Small and sweet and no need to net, but you’ll never get too many just the odd tasty treat now and again. If you’re lucky enough to spot some growing wild then one or two berries squashed over a sheet of kitchen roll to separate the seeds on the outside from the main body is perhaps the best way of obtaining plants.
Let the strawberry mess dry for a few days to hopefully be still dampish and then carefully try and detach each individual seed, fiddly and time consuming yes, but worth the effort. If you leave for too long then the seeds will be stuck to the paper, and can only be released by placing the sheet on a saucer with a very small amount of water just sufficient to get the paper damp. I would add that a good nail works wonders in just being able to slip under the seed and prise it off. Transfer the seeds onto a new sheet and when you are happy that they are completely dry, place in a used envelope labelled and dated.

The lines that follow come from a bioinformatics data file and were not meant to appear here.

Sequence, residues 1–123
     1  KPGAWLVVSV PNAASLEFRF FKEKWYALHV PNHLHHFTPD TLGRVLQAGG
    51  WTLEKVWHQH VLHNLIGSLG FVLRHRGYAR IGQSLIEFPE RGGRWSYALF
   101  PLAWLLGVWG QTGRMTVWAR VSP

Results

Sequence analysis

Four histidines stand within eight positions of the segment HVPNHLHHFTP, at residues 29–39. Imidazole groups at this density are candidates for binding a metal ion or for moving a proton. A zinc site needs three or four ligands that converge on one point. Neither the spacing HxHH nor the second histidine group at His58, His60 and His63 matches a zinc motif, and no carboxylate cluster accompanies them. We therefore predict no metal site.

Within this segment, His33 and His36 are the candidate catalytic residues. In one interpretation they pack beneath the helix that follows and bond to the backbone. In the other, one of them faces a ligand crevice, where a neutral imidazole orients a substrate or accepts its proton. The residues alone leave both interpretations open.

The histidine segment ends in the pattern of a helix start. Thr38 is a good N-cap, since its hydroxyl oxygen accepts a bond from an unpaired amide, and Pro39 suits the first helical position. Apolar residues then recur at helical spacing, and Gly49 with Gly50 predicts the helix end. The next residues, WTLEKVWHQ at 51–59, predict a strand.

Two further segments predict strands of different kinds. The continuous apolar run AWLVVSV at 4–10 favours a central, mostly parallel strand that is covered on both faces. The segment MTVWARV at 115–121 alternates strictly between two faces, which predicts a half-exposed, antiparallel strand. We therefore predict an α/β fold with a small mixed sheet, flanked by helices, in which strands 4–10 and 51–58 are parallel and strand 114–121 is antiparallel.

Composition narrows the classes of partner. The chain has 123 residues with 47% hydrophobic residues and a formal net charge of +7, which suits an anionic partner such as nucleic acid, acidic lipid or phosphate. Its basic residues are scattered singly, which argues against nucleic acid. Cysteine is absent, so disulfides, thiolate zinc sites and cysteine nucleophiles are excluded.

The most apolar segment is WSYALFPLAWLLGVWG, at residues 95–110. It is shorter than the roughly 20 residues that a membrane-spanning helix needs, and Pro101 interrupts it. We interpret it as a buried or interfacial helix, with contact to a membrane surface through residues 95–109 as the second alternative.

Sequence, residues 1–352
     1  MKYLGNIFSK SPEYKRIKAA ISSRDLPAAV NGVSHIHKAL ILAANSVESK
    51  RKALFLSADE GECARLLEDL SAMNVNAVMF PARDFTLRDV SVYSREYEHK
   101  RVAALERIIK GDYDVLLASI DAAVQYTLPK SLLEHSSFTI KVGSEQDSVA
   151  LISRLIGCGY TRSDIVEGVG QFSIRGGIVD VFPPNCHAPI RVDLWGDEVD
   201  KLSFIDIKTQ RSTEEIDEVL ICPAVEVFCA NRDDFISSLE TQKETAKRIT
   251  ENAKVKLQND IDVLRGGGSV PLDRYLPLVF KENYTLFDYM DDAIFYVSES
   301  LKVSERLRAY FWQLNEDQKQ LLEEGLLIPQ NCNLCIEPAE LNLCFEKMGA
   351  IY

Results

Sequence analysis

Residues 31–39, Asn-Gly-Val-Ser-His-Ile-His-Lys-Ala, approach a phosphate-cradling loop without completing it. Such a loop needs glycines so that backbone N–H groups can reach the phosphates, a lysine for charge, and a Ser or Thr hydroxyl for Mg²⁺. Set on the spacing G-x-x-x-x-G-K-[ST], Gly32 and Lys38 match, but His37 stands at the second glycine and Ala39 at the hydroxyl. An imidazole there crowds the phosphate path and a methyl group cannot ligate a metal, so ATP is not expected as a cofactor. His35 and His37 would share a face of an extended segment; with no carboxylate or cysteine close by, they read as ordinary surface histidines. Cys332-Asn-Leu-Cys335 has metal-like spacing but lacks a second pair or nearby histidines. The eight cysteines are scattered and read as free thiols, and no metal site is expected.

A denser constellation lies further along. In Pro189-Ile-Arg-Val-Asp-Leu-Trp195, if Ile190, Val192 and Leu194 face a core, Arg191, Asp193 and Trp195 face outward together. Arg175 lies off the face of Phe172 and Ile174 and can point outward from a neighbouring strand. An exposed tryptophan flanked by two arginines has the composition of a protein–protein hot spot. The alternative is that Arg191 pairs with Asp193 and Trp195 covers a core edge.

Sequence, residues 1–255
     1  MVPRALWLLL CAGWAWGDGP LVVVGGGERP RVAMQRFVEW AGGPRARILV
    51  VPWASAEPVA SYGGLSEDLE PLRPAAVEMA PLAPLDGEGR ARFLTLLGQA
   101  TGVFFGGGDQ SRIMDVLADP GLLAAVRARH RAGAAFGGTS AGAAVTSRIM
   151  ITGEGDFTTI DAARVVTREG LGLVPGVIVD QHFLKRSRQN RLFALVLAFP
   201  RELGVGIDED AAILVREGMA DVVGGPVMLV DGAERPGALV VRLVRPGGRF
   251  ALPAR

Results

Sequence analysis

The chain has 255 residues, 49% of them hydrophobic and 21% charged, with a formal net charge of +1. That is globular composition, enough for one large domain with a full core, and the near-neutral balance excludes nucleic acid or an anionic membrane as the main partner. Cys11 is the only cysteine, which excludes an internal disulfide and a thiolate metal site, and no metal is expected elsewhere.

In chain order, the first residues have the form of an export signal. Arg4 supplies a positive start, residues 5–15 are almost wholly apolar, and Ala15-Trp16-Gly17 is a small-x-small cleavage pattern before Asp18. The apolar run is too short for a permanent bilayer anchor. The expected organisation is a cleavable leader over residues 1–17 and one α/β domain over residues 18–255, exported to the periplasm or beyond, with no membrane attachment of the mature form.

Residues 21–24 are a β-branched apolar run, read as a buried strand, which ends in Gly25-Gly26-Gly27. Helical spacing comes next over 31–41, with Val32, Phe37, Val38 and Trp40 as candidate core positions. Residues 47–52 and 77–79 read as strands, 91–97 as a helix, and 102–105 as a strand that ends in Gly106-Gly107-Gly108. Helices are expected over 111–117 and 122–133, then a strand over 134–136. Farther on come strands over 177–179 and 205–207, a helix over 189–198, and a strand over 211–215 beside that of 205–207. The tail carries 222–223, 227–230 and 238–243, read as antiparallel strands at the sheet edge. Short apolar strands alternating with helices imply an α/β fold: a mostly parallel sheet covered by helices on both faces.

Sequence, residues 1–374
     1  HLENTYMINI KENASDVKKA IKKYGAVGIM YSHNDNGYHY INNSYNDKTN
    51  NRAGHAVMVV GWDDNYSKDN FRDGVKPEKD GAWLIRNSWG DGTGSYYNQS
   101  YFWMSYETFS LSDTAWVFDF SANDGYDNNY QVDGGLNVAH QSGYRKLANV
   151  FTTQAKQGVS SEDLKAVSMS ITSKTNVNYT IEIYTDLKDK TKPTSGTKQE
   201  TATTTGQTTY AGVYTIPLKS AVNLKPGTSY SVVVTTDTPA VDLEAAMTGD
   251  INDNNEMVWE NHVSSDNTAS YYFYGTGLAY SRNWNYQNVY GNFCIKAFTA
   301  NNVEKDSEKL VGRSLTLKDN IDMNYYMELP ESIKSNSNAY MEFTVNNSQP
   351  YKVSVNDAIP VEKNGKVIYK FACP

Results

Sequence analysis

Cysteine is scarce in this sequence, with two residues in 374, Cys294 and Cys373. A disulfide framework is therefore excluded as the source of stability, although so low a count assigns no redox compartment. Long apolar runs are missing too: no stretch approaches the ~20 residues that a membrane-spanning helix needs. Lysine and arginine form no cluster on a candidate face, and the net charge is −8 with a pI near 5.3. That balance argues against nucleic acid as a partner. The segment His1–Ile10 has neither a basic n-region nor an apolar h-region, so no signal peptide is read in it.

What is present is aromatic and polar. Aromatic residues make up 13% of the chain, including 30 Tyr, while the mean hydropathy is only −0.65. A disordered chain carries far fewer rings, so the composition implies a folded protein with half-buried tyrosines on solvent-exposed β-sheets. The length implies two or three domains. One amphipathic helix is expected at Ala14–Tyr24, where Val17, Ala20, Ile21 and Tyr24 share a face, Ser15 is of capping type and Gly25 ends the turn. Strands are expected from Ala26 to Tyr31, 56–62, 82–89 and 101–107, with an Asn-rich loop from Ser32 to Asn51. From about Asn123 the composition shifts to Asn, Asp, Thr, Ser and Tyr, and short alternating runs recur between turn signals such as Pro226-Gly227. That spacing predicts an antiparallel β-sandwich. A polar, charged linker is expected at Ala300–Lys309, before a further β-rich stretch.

When it comes to germination the golden rule is not to cover the seeds, as light is very important in germination so a little perlite on the compost before sowing the seeds will help. Also a plastic bag placed over the seed tray helps to maintain moisture, and the final piece of advice would be to have a position of good light but not direct sunlight or likely to become too hot.
For those unlucky enough not to find any wild strawberries and not wanting to buy the seed, then a long shot is using over ripe “normal” strawberries, which as everybody knows don’t breed true to type, but with luck might eventually give the smaller European strawberry.